Aspirin's anti-cancer effects backed by more research

Newly published international papers are adding to growing research that Aspirin, commonly used now for people in danger of heart attack and stroke, may also help prevent and treat cancer.

Papers published in the Lancet suggest ASA may prevent and treat cancer

Newly published international papers are adding to growing research that Aspirin, commonly used now for people in danger of heart attack and stroke, may also help prevent and treat cancer.

Two papers in the Lancet and one paper in the Lancet Oncology, all published Tuesday, chronicle research suggesting daily use of acetylsalicylic acid (ASA, sold under the brand name Aspirin in Canada and other countries) can reduce the long-term risk of cancer death.

However, researchers from the U.K. and Italy, led by Prof. Peter Rothwell of the University of Oxford and John Radcliffe Hospital in England, stress that the short-term effects of daily use of the non-steroidal anti-inflammatory, as well as how risky or beneficial it may be over time, have yet to be determined.

Currently, in North America, medical practitioners are urged to put anyone who has had a heart attack or stroke on anti-platelet therapy (low-dose ASA, to prevent clots) because it can greatly reduce the risk of deadly recurrence.

The Lancet-published papers break down like this:

  • Article 1: The authors studied individual patient data from 51 randomized trials of daily Aspirin versus no Aspirin use to prevent heart attacks. They found Aspirin reduced the risk of a cancer death by 15 per cent compared with control subjects, and this improved to a 37 per cent reduced risk of a cancer death for patients taking the medication five years and longer. The reduction in cancer deaths for those taking Aspirin resulted in a 12 per cent reduction in deaths not related to the cardiovascular system. "In view of the very low rates of vascular events in recent and ongoing trials of Aspirin in primary prevention, prevention of cancer could become the main justification for Aspirin use in this setting," the researcher wrote. 
  • Article 2: For the study on the effect of Aspirin on how cancer spreads (metastasis), new data was collected on metastases of cancers that were diagnosed during all five large randomized trials of daily Aspirin (75 milligrams or more daily), versus control for the prevention of cardio-related events in the U.K. They found that, with an average followup of 6.5 years, the use of Aspirin reduced the risk of cancer with "distant metastasis" by 36 per cent, cut the risk of colon, lung and prostate cancers by 46 per cent, and reduced the chance of bladder and kidney cancers by 18 per cent. Aspirin reduced the overall risk of fatal cancers in the trial populations by 35 per cent, but not the risk of blood and other fatal cancers. "These findings provide the first proof in humans that Aspirin prevents distant cancer metastasis," the researchers note, adding that metastasis had been prevented in previous studies involving animals.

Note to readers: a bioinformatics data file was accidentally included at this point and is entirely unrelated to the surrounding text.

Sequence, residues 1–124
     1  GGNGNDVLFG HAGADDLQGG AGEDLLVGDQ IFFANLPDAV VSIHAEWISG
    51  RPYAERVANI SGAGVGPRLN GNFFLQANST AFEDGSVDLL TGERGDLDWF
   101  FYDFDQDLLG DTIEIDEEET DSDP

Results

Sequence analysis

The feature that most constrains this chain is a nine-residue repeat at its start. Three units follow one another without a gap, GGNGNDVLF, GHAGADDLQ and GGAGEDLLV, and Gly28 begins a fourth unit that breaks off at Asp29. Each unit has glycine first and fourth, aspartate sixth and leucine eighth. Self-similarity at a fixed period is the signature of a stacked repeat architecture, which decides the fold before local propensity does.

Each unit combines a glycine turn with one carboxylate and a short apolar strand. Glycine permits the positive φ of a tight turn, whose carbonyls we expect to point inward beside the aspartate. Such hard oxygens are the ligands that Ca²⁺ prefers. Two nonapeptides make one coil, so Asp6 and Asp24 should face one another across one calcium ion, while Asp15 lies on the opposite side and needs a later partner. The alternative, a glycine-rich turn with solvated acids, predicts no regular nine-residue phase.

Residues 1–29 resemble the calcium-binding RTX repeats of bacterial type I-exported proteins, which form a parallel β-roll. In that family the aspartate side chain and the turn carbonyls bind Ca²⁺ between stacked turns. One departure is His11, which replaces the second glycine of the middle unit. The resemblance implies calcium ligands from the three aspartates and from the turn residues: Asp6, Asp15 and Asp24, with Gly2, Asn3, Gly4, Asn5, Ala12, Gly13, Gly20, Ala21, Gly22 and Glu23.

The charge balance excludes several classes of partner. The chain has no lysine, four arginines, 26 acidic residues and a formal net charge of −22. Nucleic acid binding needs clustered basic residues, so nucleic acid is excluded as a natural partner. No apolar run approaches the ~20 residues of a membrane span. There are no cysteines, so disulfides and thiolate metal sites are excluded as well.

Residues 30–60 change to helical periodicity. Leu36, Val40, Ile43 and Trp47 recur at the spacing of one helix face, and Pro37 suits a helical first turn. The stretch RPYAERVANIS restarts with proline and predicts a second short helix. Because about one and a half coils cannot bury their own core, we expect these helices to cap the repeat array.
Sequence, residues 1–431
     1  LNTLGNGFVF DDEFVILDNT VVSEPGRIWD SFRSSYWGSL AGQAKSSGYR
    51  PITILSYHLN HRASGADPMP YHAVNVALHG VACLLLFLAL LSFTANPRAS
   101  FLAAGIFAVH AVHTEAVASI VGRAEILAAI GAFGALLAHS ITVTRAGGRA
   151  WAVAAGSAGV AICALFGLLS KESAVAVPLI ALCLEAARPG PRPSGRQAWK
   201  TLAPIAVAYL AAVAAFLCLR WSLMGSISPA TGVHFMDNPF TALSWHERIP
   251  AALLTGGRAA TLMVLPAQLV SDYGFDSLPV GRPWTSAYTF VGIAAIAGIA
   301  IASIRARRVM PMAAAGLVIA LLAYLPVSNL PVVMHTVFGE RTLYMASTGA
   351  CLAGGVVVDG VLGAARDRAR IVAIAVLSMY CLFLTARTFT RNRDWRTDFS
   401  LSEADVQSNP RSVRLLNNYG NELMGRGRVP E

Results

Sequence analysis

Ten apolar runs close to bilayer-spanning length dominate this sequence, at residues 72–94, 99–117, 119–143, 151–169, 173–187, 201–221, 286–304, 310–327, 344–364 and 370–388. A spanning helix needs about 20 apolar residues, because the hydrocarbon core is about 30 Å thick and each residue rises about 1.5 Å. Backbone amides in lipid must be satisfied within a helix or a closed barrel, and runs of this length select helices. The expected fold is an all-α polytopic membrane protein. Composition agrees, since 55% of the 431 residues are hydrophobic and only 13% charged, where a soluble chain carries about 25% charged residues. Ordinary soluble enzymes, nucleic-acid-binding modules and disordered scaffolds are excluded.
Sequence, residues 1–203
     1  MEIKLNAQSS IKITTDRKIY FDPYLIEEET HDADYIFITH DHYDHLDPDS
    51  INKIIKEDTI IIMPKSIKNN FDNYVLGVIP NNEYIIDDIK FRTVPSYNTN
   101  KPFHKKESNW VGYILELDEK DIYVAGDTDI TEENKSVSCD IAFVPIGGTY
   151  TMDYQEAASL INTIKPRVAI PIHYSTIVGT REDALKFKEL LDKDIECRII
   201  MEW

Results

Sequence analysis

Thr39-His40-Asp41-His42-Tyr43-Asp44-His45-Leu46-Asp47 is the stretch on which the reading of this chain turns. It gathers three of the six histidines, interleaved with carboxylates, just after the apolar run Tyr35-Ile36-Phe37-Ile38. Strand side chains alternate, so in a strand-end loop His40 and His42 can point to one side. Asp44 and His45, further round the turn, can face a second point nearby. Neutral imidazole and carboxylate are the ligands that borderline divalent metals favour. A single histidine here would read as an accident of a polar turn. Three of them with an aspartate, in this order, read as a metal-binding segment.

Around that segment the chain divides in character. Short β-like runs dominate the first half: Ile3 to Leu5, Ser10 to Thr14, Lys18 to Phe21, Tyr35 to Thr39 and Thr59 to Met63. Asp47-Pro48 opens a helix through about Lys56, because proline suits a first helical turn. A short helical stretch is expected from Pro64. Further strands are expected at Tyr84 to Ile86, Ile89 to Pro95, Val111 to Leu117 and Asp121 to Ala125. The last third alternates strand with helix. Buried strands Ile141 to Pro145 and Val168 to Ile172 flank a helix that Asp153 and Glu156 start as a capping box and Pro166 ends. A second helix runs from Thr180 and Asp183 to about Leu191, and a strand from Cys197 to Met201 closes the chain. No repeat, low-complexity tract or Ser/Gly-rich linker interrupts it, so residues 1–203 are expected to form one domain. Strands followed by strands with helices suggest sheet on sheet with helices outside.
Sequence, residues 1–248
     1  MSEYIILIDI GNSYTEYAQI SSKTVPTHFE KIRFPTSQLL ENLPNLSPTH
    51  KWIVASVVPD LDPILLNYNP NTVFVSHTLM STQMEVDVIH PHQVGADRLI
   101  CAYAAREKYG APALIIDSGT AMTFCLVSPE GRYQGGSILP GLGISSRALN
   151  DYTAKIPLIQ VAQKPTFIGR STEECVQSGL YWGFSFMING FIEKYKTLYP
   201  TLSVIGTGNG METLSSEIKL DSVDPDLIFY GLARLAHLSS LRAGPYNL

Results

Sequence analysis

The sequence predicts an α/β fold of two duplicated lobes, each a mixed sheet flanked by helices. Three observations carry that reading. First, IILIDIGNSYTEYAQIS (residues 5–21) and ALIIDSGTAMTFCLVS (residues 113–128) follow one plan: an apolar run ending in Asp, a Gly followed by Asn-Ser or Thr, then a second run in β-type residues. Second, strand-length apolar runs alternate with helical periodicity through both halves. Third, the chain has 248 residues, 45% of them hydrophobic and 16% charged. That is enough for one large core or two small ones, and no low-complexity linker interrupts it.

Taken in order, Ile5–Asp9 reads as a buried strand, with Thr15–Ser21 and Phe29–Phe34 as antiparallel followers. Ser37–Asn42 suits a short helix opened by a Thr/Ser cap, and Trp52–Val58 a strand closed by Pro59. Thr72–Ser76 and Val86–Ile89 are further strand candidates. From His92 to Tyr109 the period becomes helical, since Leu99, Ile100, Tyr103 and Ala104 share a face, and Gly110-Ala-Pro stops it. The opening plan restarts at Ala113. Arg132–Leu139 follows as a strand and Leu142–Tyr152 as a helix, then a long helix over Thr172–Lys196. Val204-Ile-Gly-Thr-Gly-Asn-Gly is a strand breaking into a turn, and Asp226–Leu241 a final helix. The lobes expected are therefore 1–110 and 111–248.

• Article 3: This paper reviewed the effect of Aspirin on metastatic cancer using a review of observational versus randomized trials. Researchers found observational studies showed a 38 per cent reduced risk of colorectal cancer, compared to 42 per cent in randomized trials. Similar matches in risk were found for esophageal, gastric, biliary and breast cancer, prompting the researchers to say, "Observational studies show that regular use of Aspirin reduces the long-term risk of several cancers and the risk of distant metastasis."

Aspirin prevented around one in 30 deaths from cancer among those who had a daily dose for about five years during a 20-year period.

In a commentary linked to the published research, scientists from Brigham and Women's Hospital, Harvard Medical School, in Boston said the studies make "a convincing case" that the cardiovascular-protection and anti-cancer benefits of Aspirin outweigh the harms that may include excess bleeding (hemorrhage), and "moves us another step closer to broadening recommendations for Aspirin use."

However, they warn, "these analyses do not account for less serious adverse effects on quality of life, such as less severe bleeding."

Although the Lancet-published studies received no specific funding, Rothwell has received honoraria for serving on advisory boards, clinical trial committees and giving talks from some pharmaceutical companies with an interest in anti-platelet agents, including Bayer, AstraZeneca,  Boehringer Ingelheim, Sanofi-BMS and Servier.